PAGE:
27 citations

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16 Nov 2000TL;DR: In this paper, a design modification to the very low frequency GMR based self-nulling probe has been presented to enable improved signal to noise ratio for deeply buried flaws, which is capable of clearly identifying flaws up to 1 cm deep in aluminum alloy structures.

Abstract: In this paper a design modification to the Very-Low Frequency GMR Based Self-Nulling Probe has been presented to enable improved signal to noise ratio for deeply buried flaws The design change consists of incorporating a feedback coil in the center of the flux focusing lens The use of the feedback coil enables cancellation of the leakage fields in the center of the probe and biasing of the GMR sensor to a location of high magnetic field sensitivity The effect of the feedback on the probe output was examined, and experimental results for deep flaw detection were presented The experimental results show that the modified probe is capable of clearly identifying flaws up to 1 cm deep in aluminum alloy structures

24 citations

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TL;DR: Error estimates for Galerkin proper orthogonal decomposition (POD) methods for nonlinear parabolic systems arising in fluid dynamics are proved and the backward Euler scheme is considered.

Abstract: Error estimates for Galerkin proper orthogonal decomposition (POD) methods for nonlinear parabolic systems arising in fluid dynamics are proved For the time integration the backward Euler scheme is considered The asymptotic estimates involve the singular values of the POD snapshot set and the grid-structure of the time discretization as well as the snapshot locations

752 citations

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01 Jan 2005TL;DR: In this article, the authors consider the problem of nonlinear evolution in real separable Hilbert spaces, where the inner product in V is given by a symmetric bounded, coercive, bilinear form.

Abstract: Nonlinear Dynamical System Let V and H be real separable Hilbert spaces and suppose that V is dense in H with compact embedding. By 〈· , ·〉H we denote the inner product in H. The inner product in V is given by a symmetric bounded, coercive, bilinear form a : V × V → IR: 〈φ,ψ〉V = a(φ,ψ) for all φ,ψ ∈ V (10.16) with associated norm given by ‖ · ‖V = √ a(· , ·). Since V is continuously injected into H, there exists a constant cV > 0 such that ‖φ‖H ≤ cV ‖φ‖V for all φ ∈ V. (10.17) We associate with a the linear operator A: 〈Aφ,ψ〉V ′,V = a(φ,ψ) for all φ,ψ ∈ V, where 〈· , ·〉V ′,V denotes the duality pairing between V and its dual. Then, by the Lax-Milgram lemma, A is an isomorphism from V onto V ′. Alternatively, A can be considered as a linear unbounded self-adjoint operator in H with domain D(A) = {φ ∈ V : Aφ ∈ H}. By identifying H and its dual H ′ it follows that 10 POD: Error Estimates and Suboptimal Control 269 D(A) ↪→ V ↪→ H = H ′ ↪→ V ′, each embedding being continuous and dense, when D(A) is endowed with the graph norm of A. Moreover, let F : V × V → V ′ be a bilinear continuous operator mapping D(A) × D(A) into H. To simplify the notation we set F (φ) = F (φ,φ) for φ ∈ V . For given f ∈ C([0, T ];H) and y0 ∈ V we consider the nonlinear evolution problem d dt 〈y(t), φ〉H + a(y(t), φ) + 〈F (y(t)), φ〉V ′,V = 〈f(t), φ〉H (10.18a) for all φ ∈ V and t ∈ (0, T ] a.e. and y(0) = y0 in H. (10.18b) Assumption (A1). For every f ∈ C([0, T ];H) and y0 ∈ V there exists a unique solution of (10.18) satisfying y ∈ C([0, T ];V ) ∩ L(0, T ;D(A)) ∩H(0, T ;H). (10.19) Computation of the POD Basis Throughout we assume that Assumption (A1) holds and we denote by y the unique solution to (10.18) satisfying (10.19). For given n ∈ IN let 0 = t0 < t1 < . . . < tn ≤ T (10.20) denote a grid in the interval [0, T ] and set δtj = tj − tj−1, j = 1, . . . , n. Define ∆t = max (δt1, . . . , δtn) and δt = min (δt1, . . . , δtn). (10.21) Suppose that the snapshots y(tj) of (10.18) at the given time instances tj , j = 0, . . . , n, are known. We set V = span {y0, . . . , y2n}, where yj = y(tj) for j = 0, . . . , n, yj = ∂ty(tj−n) for j = n + 1, . . . , 2n with ∂ty(tj) = (y(tj)−y(tj−1))/δtj , and refer to V as the ensemble consisting of the snapshots {yj} j=0, at least one of which is assumed to be nonzero. Furthermore, we call {tj}j=0 the snapshot grid. Notice that V ⊂ V by construction. Throughout the remainder of this section we let X denote either the space V or H. 270 Michael Hinze and Stefan Volkwein Remark 10.2.1 (compare [KV01, Remark 1]). It may come as a surprise at first that the finite difference quotients ∂ty(tj) are included into the set V of snapshots. To motivate this choice let us point out that while the finite difference quotients are contained in the span of {yj} j=0, the POD bases differ depending on whether {∂ty(tj)}j=1 are included or not. The linear dependence does not constitute a difficulty for the singular value decomposition which is required to compute the POD basis. In fact, the snapshots themselves can be linearly dependent. The resulting POD basis is, in any case, maximally linearly independent in the sense expressed in (P ) and Proposition 10.2.5. Secondly, in anticipation of the rate of convergence results that will be presented in Section 10.3.3 we note that the time derivative of y in (10.18) must be approximated by the Galerkin POD based scheme. In case the terms {∂ty(tj)}j=1 are included in the snapshot ensemble, we are able to utilize the estimate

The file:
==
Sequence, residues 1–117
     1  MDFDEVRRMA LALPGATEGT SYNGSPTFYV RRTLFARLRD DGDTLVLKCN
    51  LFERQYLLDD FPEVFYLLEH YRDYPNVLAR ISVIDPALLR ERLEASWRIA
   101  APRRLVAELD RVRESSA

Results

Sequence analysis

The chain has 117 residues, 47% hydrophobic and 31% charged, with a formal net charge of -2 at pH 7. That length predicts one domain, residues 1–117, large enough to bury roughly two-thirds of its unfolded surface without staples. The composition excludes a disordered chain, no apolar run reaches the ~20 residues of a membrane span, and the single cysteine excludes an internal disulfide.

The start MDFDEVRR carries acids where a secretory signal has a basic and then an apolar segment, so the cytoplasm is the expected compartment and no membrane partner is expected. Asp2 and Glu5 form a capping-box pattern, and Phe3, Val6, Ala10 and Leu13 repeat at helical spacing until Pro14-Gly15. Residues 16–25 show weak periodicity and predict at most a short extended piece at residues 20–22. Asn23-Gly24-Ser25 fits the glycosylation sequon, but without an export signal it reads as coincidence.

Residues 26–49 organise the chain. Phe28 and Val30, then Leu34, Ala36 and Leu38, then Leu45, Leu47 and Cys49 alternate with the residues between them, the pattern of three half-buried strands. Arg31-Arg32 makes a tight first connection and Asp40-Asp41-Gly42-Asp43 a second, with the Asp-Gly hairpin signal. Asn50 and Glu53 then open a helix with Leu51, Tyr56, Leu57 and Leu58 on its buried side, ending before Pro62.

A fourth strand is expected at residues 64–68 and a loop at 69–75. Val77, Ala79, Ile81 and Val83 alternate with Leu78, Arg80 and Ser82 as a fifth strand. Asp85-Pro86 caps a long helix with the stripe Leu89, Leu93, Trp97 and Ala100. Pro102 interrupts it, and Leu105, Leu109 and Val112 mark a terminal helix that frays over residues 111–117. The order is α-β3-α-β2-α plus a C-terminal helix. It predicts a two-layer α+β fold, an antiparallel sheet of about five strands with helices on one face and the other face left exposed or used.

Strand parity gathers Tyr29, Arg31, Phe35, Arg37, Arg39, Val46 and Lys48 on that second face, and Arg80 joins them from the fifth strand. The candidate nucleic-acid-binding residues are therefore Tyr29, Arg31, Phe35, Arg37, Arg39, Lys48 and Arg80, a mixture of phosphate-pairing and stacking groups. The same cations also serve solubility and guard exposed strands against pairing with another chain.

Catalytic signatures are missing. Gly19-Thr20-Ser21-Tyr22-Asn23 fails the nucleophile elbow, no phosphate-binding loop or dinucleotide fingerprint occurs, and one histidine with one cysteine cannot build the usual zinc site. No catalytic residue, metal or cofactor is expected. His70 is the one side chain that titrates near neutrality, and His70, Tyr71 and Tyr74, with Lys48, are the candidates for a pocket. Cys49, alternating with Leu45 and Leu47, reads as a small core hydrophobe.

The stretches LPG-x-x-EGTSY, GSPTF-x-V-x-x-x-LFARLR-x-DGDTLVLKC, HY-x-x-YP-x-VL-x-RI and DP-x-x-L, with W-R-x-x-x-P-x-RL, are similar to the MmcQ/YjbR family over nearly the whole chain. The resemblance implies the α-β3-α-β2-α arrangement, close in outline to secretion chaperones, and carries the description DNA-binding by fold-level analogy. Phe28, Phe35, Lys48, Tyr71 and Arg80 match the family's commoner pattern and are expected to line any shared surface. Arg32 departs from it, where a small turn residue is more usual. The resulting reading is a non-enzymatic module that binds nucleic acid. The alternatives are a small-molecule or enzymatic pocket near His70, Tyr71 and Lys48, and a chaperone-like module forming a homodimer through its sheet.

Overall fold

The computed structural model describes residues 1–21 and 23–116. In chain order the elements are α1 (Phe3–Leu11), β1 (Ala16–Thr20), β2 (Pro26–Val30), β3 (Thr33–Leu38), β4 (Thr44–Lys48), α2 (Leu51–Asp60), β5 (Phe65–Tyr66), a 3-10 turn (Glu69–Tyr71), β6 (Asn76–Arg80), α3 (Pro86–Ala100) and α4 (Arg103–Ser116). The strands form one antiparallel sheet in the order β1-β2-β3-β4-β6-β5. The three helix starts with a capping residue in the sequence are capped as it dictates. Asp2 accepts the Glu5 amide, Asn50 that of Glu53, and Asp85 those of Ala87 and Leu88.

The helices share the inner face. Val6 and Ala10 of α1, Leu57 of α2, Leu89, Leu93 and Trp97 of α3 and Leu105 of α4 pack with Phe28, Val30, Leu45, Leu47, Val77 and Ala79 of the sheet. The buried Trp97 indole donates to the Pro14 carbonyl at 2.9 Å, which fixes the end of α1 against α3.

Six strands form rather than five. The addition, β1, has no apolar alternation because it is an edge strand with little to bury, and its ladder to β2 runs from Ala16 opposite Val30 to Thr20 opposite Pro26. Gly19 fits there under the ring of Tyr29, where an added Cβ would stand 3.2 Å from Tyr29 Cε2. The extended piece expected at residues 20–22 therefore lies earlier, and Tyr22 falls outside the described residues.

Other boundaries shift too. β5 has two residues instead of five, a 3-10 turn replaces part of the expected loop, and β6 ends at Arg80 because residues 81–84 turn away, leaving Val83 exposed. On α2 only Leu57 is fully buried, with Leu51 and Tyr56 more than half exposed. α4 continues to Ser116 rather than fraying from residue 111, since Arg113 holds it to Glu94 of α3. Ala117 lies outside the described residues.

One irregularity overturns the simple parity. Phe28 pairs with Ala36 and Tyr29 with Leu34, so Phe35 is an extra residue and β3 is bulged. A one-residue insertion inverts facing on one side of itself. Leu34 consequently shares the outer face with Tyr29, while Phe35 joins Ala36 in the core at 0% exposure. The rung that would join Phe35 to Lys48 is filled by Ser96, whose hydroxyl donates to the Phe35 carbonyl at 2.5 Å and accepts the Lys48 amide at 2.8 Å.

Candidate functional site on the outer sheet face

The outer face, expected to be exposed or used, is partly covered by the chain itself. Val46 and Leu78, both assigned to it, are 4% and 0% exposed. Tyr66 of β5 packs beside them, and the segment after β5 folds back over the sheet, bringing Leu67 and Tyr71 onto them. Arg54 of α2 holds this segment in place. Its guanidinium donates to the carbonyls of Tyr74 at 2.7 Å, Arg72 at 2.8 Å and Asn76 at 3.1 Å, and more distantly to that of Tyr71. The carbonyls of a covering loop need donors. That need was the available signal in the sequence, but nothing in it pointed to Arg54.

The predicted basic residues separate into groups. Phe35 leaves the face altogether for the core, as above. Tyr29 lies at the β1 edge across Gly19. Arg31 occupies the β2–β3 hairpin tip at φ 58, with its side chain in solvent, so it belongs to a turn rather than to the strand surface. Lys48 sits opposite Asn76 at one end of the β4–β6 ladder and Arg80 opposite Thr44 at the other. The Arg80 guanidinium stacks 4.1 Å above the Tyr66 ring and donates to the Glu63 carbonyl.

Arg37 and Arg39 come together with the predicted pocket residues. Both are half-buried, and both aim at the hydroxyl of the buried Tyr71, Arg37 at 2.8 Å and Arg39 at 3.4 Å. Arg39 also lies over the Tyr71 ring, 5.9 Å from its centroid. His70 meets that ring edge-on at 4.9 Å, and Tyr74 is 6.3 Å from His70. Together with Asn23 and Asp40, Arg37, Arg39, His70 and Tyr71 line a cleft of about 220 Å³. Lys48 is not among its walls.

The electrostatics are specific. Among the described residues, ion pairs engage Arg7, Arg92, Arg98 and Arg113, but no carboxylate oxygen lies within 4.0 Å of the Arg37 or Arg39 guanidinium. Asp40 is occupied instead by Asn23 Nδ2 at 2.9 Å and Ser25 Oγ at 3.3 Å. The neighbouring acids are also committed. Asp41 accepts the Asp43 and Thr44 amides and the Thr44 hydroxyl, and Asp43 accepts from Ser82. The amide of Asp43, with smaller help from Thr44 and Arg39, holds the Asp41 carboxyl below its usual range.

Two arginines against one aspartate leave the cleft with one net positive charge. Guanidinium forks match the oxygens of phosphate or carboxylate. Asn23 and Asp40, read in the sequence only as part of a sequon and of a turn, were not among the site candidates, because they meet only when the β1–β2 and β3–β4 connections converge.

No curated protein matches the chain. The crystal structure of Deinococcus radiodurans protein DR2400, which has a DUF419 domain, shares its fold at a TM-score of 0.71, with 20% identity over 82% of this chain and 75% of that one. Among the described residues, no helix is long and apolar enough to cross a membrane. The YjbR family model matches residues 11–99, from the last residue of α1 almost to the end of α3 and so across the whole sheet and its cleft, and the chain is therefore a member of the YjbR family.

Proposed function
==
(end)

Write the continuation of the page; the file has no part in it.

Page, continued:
294 citations